Algebra unit 4.1
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UNIT 4.1 USING GRAPHS TO RELATE TWO QUANTITIES
Warm UpState whether each word or phrase represents an amount that is increasing, decreasing, or constant.
1. stays the same2. rises3. drops4. slows downconstantdecreasingdecreasingincreasing
Match simple graphs with situations.Graph a relationship.
continuous graphdiscrete graph
Graphs can be used to illustrate many different situations. For example, trends shown on a cardiograph can help a doctor see how a patients heart is functioning. To relate a graph to a given situation, use key words in the description.
Example 1: Relating Graphs to SituationsEach day several leaves fall from a tree. One day a gust of wind blows off many leaves. Eventually, there are no more leaves on the tree. Choose the graph that best represents the situation. Step 1 Read the graphs from left to right to show time passing.
Step 2 List key words in order and decide which graph shows them. Slanting downwardrapidlyGraphs A, B, and CNever horizontalGraph BSlanting downward until reaches zeroGraphs A, B, and C Step 3 Pick the graph that shows all the key phrases in order. The correct graph is B.Example 1 Continued
Key Words Segment DescriptionGraphsEach day several leaves fallWind blows offmany leavesEventually no more leaves
Check It Out! Example 1The air temperature increased steadily for several hours and then remained constant. At the end of the day, the temperature increased slightly before dropping sharply. Choose the graph that best represents this situation. Step 1 Read the graphs from left to right to show time passing .
Step 2 List key words in order and decide which graph shows them. Slanting upwardGraph CHorizontalGraphs A, B, and CSlanting upward and then steeply downward Graphs B and C Step 3 Pick the graph that shows all the key phrases in order. The correct graph is graph C.Check It Out! Example 1 Continued
Key Words Segment Description GraphsIncreased steadilyRemained constantIncreased slightly before dropping sharply
As seen in Example 1, some graphs are connected lines or curves called continuous graphs. Some graphs are only distinct points. They are called discrete graphsThe graph on theme park attendance is an example of a discrete graph. It consists of distinct points because each year is distinct and people are counted in whole numbers only. The values between whole numbers are not included, since they have no meaning for the situation.
Example 2A: Sketching Graphs for SituationsSketch a graph for the situation. Tell whether the graph is continuous or discrete.A truck driver enters a street, drives at a constant speed, stops at a light, and then continues.The graph is continuous.As time passes during the trip (moving left to right along the x-axis) the truck's speed (y-axis) does the following: initially increases remains constant decreases to a stop increases remains constant
Example 2B: Sketching Graphs for SituationsSketch a graph for the situation. Tell whether the graph is continuous or discrete.A small bookstore sold between 5 and 8 books each day for 7 days.The graph is discrete.The number of books sold (y-axis) varies for each day (x-axis).Since the bookstore accounts for the number of books sold at the end of each day, the graph is 7 distinct points.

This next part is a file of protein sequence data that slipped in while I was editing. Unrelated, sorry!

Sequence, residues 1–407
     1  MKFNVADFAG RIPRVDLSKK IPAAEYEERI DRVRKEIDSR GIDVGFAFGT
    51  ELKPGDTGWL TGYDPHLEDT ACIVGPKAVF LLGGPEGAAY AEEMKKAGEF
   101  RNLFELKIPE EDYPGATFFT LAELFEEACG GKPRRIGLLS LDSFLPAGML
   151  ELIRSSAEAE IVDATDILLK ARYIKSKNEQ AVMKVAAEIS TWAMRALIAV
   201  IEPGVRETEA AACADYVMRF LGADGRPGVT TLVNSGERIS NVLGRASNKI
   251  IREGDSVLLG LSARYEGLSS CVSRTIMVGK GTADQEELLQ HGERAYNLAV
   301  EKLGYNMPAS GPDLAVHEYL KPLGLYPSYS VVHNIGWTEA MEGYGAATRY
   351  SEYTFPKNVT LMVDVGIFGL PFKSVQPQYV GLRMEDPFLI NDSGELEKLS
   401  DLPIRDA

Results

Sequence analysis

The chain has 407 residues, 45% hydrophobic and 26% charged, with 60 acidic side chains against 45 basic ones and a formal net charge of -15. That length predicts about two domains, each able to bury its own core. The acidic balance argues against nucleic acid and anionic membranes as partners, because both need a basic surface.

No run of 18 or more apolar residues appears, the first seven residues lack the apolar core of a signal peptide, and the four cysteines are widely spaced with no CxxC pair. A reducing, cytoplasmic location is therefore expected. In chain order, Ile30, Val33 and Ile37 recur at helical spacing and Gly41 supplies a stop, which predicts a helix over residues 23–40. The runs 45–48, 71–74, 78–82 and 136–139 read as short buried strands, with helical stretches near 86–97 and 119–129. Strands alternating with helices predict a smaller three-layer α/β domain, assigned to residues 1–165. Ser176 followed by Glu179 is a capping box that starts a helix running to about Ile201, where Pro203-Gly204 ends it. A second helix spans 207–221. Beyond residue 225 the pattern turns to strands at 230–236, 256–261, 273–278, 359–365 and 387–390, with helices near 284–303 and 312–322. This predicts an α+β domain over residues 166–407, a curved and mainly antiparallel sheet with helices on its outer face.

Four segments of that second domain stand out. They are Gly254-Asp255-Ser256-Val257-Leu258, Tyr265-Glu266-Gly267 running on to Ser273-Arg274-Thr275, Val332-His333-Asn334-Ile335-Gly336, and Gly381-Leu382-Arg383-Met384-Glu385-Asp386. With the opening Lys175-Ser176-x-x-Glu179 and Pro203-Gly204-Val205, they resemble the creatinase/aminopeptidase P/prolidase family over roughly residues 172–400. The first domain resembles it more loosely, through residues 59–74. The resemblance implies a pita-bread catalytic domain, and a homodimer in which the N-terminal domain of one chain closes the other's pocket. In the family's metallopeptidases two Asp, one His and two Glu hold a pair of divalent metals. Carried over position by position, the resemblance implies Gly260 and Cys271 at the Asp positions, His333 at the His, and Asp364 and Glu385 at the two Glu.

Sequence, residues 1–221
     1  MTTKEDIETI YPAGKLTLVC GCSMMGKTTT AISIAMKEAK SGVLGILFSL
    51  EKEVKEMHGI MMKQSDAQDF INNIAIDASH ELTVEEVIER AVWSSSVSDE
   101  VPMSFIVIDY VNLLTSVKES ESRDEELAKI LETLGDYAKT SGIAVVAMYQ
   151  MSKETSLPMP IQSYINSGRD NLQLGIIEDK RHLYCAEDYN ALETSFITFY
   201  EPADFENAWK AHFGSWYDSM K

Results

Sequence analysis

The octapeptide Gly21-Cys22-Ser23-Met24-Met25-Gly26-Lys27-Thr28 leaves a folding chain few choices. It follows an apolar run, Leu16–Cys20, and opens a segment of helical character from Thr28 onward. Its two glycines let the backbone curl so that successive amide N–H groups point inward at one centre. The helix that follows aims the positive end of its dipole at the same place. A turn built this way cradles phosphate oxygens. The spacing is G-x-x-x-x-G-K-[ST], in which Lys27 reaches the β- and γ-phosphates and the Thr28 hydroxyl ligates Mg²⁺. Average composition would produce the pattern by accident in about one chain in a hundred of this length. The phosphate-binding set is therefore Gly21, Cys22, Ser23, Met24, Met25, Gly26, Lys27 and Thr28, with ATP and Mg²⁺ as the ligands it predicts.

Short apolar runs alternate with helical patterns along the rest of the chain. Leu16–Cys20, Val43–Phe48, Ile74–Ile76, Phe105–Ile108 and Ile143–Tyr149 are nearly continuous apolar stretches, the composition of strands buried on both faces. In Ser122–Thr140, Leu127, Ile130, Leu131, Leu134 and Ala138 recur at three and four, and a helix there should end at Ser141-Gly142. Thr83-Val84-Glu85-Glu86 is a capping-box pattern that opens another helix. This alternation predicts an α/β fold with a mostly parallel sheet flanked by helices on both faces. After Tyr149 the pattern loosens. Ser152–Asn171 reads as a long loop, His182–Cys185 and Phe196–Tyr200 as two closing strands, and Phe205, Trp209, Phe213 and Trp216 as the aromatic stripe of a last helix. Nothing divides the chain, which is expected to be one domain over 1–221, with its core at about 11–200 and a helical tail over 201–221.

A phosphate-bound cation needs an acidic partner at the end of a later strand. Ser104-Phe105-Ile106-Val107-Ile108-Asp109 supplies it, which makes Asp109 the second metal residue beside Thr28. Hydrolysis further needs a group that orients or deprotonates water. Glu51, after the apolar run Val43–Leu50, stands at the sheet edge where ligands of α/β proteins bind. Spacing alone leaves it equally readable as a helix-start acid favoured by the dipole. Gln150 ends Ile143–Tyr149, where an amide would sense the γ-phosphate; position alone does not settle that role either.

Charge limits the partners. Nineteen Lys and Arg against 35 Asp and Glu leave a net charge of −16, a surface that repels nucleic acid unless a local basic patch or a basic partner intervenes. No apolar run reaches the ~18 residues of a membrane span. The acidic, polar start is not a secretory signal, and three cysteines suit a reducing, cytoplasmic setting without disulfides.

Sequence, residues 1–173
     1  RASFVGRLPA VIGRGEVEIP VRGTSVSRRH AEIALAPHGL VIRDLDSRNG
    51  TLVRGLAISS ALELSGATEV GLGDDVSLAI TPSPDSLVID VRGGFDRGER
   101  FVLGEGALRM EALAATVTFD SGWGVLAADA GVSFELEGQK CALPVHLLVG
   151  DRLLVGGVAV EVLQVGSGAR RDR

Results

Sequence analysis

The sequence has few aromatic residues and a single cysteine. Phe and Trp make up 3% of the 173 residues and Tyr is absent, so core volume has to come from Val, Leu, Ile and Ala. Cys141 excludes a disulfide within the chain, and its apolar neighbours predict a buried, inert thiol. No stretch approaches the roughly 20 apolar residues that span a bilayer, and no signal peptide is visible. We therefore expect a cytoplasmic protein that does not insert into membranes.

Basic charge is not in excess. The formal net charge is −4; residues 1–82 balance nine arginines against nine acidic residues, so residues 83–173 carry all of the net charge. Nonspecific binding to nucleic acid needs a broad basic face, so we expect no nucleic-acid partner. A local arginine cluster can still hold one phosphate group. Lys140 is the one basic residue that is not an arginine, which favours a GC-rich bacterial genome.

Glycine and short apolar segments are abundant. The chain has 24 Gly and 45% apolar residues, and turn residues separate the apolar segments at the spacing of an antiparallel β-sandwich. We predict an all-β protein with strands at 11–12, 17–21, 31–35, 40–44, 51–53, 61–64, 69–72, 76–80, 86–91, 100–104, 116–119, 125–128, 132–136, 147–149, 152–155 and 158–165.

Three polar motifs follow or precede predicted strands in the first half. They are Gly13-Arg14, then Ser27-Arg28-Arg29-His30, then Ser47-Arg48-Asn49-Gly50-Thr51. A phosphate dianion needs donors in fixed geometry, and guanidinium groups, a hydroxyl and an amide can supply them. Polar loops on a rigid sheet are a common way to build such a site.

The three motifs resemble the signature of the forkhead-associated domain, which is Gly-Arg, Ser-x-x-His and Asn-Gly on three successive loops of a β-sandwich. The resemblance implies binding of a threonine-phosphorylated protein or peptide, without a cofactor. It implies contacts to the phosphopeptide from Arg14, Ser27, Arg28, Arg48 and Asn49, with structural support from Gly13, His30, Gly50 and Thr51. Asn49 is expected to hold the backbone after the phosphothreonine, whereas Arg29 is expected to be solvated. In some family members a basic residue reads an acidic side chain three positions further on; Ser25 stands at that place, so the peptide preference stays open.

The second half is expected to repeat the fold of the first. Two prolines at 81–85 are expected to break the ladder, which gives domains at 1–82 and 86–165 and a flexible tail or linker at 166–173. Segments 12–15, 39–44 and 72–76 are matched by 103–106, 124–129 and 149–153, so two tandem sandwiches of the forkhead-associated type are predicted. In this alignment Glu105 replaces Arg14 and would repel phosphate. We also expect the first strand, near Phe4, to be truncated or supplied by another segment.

Check It Out! Example 2aSketch a graph for the situation. Tell whether the graph is continuous or discrete.Jamie is taking an 8-week keyboarding class. At the end of each week, she takes a test to find the number of words she can type per minute. She improves each week.The graph is discrete.Each week (x-axis) her typing speed is measured. She gets a separate score (y-axis) for each test. Since each score is separate, the graph consists of distinct units.
Sketch a graph for the situation. Tell whether the graph is continuous or discrete.Check It Out! Example 2bHenry begins to drain a water tank by opening a valve. Then he opens another valve. Then he closes the first valve. He leaves the second valve open until the tank is empty. As time passes while draining the tank (moving left to right along the x-axis) the water level (y-axis) does the following: initially declines decline more rapidly and then the decline slows down.The graph is continuous.
Both graphs show a relationship about a child going down a slide. Graph A represents the childs distance from the ground related to time. Graph B represents the childs Speed related to time.
Example 3: Writing Situations for GraphsWrite a possible situation for the given graph.A car approaching traffic slows down, drives at a constant speed, and then slows down until coming to a complete stop.Step 1 Identify labels. x-axis: time y-axis: speedStep 2 Analyze sections. over time, the speed: initially declines, remains constant, and then declines to zero.Possible Situation:
Check It Out! Example 3Write a possible situation for the given graphPossible Situation: When the number of students reaches a certain point, the number of pizzas bought increases.Step 1 Identify labels. x-axis: students y-axis: pizzasStep 2 Analyze sections. As students increase, the pizzas do the following: initially remains constant, and then increases to a new constant.
Lesson Quiz: Part I1. Write a possible situation for the given graph.Possible Situation: The level of water in a bucket stays constant. A steady rain raises the level. The rain slows down. Someone dumps the bucket.
2. A pet store is selling puppies for $50 each. It has 8 puppies to sell. Sketch a graph for this situation.Lesson Quiz: Part II
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